Second Thessalonians: Recognizing false doctrine being spread in the church, Paul weeds out the bad and gives appropriate teaching. He depicts Jesus and angelic hosts routing out evil; further personified as the lawless one who challenges God’s authority with deception. We must hold to our tradition of faith and stand fast against unrighteousness.
First Timothy: Timothy has taken leadership of the church in Ephesus. Paul urges him to love from a pure heart and fight the good fight of faith in a glorious Gospel. Find qualified leaders, don’t get sidetracked by those who depart, flee unrighteousness, and pursue righteousness.
Second Timothy: Writing Timothy from prison, Paul exhorts him to be faithful and unashamed of the Lord. He must be ready at all times to preach, testify, and endure hardships, a workman approved by God. He warns of perilous times ahead, describing a deceitful, vicious humanity.
Titus: Stationed on Crete, an island south of Greece, Paul charges Titus to set the new church in order; start by selecting mature elders. Titus is advised to teach sound doctrine based on obedience, accountability, and humility. Train the next generation to serve God.
Philemon: Paul’s request of a prominent slave owner is a plea for forgiveness of a runaway slave. This one-time thief and deserter has come to faith. Appealing for mercy for “his son,” Paul offers to pay the debt to assist in the redemption of one who was in sin, but now has found God.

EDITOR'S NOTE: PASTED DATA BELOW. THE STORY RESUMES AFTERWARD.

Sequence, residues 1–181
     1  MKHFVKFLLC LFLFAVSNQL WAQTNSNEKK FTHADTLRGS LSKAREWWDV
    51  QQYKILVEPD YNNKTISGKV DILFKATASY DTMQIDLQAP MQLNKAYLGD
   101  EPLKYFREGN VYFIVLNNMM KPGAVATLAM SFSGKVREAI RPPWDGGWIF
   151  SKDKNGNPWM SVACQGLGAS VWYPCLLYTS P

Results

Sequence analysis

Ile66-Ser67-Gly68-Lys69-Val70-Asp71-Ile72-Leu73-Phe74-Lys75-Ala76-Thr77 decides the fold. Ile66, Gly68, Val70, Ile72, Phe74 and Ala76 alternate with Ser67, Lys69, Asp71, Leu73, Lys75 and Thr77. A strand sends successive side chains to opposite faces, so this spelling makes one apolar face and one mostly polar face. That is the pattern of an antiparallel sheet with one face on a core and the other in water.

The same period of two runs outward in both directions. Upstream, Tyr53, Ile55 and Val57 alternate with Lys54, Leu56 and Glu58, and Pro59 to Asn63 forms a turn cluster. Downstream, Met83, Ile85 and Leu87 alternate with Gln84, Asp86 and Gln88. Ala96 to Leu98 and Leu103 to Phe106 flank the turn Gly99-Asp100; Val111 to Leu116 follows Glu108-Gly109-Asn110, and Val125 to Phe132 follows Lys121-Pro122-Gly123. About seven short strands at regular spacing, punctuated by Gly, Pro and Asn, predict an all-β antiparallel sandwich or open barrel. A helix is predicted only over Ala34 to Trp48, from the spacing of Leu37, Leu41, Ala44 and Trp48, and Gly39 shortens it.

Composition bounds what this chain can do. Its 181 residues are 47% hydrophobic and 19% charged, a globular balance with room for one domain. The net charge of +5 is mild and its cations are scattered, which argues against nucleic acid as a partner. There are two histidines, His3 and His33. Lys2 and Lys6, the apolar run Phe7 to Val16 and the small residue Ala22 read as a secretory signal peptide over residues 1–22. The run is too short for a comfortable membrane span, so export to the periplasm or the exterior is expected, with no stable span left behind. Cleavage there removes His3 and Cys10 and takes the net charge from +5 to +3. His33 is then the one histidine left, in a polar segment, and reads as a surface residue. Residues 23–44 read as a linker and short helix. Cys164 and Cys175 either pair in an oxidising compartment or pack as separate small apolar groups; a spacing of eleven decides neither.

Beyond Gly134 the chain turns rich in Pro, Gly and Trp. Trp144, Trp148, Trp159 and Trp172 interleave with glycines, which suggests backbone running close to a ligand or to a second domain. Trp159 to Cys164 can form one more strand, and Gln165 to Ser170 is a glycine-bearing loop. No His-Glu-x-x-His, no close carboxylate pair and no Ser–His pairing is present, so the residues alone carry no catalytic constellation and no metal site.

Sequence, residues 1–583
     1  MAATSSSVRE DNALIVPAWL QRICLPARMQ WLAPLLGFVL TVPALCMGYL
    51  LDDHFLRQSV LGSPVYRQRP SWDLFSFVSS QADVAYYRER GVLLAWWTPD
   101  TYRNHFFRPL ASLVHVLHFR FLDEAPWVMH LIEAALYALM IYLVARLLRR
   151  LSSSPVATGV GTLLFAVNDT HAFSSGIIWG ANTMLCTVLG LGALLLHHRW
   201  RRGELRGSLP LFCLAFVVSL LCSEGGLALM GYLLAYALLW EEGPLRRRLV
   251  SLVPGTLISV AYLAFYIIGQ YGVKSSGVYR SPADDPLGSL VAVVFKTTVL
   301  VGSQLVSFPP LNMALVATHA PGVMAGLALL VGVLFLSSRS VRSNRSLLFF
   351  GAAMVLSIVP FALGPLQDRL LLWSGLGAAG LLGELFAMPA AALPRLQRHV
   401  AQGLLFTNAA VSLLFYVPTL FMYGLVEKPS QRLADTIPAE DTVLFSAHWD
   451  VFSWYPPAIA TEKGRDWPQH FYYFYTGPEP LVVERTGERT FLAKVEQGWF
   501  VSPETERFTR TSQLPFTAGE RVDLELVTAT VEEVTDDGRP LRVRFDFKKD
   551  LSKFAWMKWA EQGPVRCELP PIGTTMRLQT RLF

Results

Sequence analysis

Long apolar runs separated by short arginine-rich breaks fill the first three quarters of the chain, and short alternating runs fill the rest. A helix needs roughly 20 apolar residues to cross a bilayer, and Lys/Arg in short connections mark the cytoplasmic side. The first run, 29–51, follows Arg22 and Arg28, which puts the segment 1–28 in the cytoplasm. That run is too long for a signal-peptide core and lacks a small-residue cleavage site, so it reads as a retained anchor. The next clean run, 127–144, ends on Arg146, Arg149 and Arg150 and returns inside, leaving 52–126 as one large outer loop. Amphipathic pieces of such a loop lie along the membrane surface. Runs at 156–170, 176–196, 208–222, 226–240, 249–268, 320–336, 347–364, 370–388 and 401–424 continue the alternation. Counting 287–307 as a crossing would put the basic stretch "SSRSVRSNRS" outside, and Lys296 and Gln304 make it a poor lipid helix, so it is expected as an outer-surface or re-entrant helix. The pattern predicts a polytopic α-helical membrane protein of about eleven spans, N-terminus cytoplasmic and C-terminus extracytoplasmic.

Hebrews: Known as the faith chapter, Hebrews positions Jesus as Lord over the New Covenant. The fulfillment of Jesus as Messiah, our High Priest, even takes precedence over the covenant made with Moses. Jesus, though like us, is superior to the angels. He is the King of righteousness.
James: James is a man of action. He insists faith without works is dead. The deeds of a wise person are obvious, but we must watch what we say.We need to submit to God and curb our passions or they will lead to violence. To persevere requires patience, even in suffering.
First Peter: Peter was a fisherman. Jesus’ resurrection gives us living hope. Since He is holy, so are we. He is the precious Cornerstone for the church. Submit to loved ones and authorities. Be willing to suffer for His goodness. Don’t complain in trials. Know God’s blessings. Live your life for God.
Second Peter: God’s divine power provides all we need to escape corruption. As eyewitnesses to God’s Majestic Glory, with an indisputable authority in the Holy Scriptures, stand certain of our heavenly calling and election. Be alert for false prophets and scoffers. Be ready for the day of the Lord.
First John: God is light, love, and life. As children of God we exemplify love as an imperative. The Lord, the Word, and the Holy Spirit are all we require. God’s commands are not burdensome, for everyone born of God overcomes the world.
Second John: Knowing the truth, we are responsible to walk in truth.We are commanded to love one another. And this is love—that we walk in obedience to His commands.
Third John: Instructs us to stay in fellowship with believers.
Jude: To be a disciple is to build yourself up on your most holy faith. Pray in the power of the Holy Spirit to be strong so you can contend against the forces that attack the Body. Maintain
a posture of readiness. Give glory to God. Jesus will present you as faultless before His Throne.
Revelation: Revelation tells the story, as given to John on the island of Patmos, of the consummation of the Kingdom of God. We see the Church through our Lord’s eyes. We witness harsh tests, bitter trials. We gain insight about spiritual battles in the heavenlies. And finally, we see the triumph of Lord Jesus, who returns to lead us all to glory. Hallelujah!